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Dr. Julie Hanks Responds to Meridian Magazine’s 8 Things That Can Pull You Away from the Church

Dr. Julie Hanks Responds to Meridian Magazine’s 8 Things That Can Pull You Away from the Church

When I read Meridian Magazine’s article 8 Things that Can Pull You Away from the Church yesterday morning my heart sank. Not because I disagree with the author’s suggestions of ways to strengthen one’s faith, but because it oversimplifies the complex process individuals go through when they decide to distance from or to leave the LDS Church. (Meridian Magazine is a private online magazine whose audience is primarily active Mormons)

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Our Definition of “Good Mothering” is Bad For Mental Health

Our Definition of “Good Mothering” is Bad For Mental Health

Families are central to Mormonism, and creating eternal families through making and keeping covenants with the Savior is at the core of our work here on earth. However, it seems that primarily mothers, are talked about as the heart, or the center, of the families. Preparing to be a “good mother” is emphasized in Primary, Young Women’s, and continues as a central thread woven throughout Relief Society lessons and discussions.

When we speak of “good mothers” in church, we often hear stories of mothers’ great sacrifices (like a pioneer women burying a child along the trail West), frequent heartache and long-suffering (Elder Holland’s talk ‘Behold Thy Mother’), and the great joys, blessings, and the eternal significance of mothers. These themes echo family research that highlights a paradox of parenting — it is considered to be one of the most rewarding aspects of life while simultaneously being associated with increased stress, dissatisfaction, and even depression.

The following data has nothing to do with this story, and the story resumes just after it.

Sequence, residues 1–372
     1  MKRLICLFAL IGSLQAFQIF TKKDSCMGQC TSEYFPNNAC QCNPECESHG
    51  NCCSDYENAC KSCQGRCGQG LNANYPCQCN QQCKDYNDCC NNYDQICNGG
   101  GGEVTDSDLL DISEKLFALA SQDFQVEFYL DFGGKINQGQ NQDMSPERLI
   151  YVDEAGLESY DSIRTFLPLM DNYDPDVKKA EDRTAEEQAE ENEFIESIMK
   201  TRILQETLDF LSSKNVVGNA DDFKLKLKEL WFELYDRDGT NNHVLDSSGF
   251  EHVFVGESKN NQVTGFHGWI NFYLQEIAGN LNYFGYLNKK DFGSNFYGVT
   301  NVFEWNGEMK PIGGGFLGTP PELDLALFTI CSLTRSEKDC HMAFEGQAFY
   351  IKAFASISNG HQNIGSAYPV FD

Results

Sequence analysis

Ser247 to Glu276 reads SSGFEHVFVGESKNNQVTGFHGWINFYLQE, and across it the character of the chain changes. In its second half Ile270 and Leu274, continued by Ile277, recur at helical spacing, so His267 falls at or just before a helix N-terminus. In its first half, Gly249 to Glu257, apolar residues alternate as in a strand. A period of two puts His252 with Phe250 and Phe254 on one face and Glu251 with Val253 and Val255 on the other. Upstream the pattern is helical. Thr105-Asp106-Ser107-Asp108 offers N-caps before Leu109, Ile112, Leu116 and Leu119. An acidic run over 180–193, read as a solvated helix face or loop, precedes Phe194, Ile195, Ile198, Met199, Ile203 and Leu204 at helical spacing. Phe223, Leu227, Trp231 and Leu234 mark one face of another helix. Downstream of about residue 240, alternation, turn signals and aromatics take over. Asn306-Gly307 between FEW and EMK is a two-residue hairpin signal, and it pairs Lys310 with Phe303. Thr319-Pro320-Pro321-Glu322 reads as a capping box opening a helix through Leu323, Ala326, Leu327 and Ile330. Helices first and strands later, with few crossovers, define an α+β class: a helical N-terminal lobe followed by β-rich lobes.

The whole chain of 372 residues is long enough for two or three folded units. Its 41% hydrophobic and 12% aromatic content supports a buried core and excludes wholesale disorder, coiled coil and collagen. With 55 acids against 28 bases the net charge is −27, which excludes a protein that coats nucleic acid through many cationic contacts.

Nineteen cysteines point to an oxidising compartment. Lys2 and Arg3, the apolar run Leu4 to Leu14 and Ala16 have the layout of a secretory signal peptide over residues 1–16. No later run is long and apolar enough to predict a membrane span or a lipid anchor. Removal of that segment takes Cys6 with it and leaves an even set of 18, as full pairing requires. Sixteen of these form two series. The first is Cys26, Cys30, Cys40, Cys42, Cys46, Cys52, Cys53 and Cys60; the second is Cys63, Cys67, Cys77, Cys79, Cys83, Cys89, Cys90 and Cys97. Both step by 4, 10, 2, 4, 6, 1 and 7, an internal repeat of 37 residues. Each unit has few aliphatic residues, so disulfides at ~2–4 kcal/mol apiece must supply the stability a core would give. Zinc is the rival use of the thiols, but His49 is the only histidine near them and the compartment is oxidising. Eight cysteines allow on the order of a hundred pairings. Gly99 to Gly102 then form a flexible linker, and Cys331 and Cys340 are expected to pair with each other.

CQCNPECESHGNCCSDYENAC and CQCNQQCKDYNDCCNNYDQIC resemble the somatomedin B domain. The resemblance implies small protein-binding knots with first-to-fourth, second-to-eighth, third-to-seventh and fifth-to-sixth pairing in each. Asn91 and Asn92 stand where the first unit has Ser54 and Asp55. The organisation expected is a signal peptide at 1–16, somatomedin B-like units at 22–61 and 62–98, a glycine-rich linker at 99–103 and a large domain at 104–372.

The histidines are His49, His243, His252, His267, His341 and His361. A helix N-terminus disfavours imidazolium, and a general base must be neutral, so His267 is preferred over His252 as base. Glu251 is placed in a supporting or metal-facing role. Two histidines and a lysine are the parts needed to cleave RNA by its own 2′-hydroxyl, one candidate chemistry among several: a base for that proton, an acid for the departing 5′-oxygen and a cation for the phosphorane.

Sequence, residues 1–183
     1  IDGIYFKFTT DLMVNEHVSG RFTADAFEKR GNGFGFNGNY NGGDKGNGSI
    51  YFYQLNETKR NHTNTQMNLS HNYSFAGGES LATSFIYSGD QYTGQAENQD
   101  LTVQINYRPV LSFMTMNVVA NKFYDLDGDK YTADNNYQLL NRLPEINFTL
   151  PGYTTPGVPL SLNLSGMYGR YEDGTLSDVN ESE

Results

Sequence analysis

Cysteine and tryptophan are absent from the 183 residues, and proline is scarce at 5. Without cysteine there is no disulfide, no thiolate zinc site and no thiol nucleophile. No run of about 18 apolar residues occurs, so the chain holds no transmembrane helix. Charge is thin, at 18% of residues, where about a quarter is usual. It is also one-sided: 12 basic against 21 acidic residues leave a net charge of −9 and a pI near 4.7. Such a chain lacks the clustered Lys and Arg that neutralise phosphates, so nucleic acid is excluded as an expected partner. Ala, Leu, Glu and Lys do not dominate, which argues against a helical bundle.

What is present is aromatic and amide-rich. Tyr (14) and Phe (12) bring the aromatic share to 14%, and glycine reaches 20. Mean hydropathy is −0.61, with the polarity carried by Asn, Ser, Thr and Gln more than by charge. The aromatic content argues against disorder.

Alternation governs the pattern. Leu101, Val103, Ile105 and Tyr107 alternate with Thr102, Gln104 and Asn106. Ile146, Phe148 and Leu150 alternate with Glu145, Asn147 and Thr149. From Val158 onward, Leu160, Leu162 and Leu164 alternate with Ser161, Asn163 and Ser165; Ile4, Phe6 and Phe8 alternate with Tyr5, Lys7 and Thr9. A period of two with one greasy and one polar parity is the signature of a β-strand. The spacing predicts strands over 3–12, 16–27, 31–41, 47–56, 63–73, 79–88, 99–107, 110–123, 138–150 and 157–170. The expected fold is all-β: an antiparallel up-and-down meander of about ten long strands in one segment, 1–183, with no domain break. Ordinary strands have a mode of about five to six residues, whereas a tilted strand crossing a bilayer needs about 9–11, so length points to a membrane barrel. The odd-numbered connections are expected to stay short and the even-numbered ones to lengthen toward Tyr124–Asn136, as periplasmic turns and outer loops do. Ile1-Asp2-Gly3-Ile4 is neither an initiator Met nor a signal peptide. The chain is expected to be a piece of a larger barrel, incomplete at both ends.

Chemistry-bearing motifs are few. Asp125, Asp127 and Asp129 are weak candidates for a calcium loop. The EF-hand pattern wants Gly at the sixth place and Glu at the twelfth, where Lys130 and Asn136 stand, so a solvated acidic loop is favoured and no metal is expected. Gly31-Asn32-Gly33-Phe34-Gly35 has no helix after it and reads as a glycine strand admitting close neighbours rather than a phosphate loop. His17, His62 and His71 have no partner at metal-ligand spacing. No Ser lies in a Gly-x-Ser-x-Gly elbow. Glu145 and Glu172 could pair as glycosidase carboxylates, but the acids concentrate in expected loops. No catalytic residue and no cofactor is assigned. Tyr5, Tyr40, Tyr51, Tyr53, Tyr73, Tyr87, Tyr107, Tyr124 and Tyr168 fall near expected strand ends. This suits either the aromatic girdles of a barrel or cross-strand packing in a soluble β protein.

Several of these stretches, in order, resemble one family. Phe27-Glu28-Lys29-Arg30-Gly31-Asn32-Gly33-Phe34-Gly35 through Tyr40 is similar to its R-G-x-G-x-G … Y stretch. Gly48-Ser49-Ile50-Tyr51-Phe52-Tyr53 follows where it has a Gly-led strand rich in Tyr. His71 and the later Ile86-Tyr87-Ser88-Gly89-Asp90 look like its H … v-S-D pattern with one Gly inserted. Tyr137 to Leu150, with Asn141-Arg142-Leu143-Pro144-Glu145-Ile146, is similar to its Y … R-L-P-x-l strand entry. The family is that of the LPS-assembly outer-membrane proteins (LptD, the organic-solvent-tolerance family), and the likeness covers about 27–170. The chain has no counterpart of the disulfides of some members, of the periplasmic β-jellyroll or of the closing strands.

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From Roles to Stewardship: Reframing Mormon Gender Roles

From Roles to Stewardship: Reframing Mormon Gender Roles

Over the past several months, I’ve noticed that in LDS circles, we often use the term “role” in reference to gender. From official talks over the pulpit, to blog posts, to casual conversations, it seems we’re always hearing about “gender roles”: role of men and women, role of mothers and fathers. The more I’ve noticed its use, the more uneasy I feel when I hear the word “role. ”

Maybe it’s because it seems to be used more frequently in conjunction with women’s roles so it seems odd or out of balance. After a quick search of LDS.org for “role of women” (8 pages of results) and “role of men” (1 page of results) I realized that it wasn’t just my imagination. We are hearing a lot more about women’s roles than men’s roles. Hmmmm. Interestingly, “role of men” was only used in the phrase “the role of men and women.” Maybe that’s why I feel uneasy. But I knew there was more to it. So I’ve continued to pondered.

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Are We Misusing the Phrase “You’re Choosing to Be Offended”?

Are We Misusing the Phrase “You’re Choosing to Be Offended”?

In online discussions about my article “30 Questions Nobody Has Asked My Husband” I noticed a theme in many of the comments: the phrase “you’re choosing to be offended” (or some variation of it) emerged over and over again in response to the article. I found this fascinating because I am not personally offended by the questions; I am, however, very curious about underlying gender assumptions, concerned about the impact of our unexamined perceptions, and I believe that we, as a culture, could greatly benefit from more self-reflection and thoughtful dialogue.

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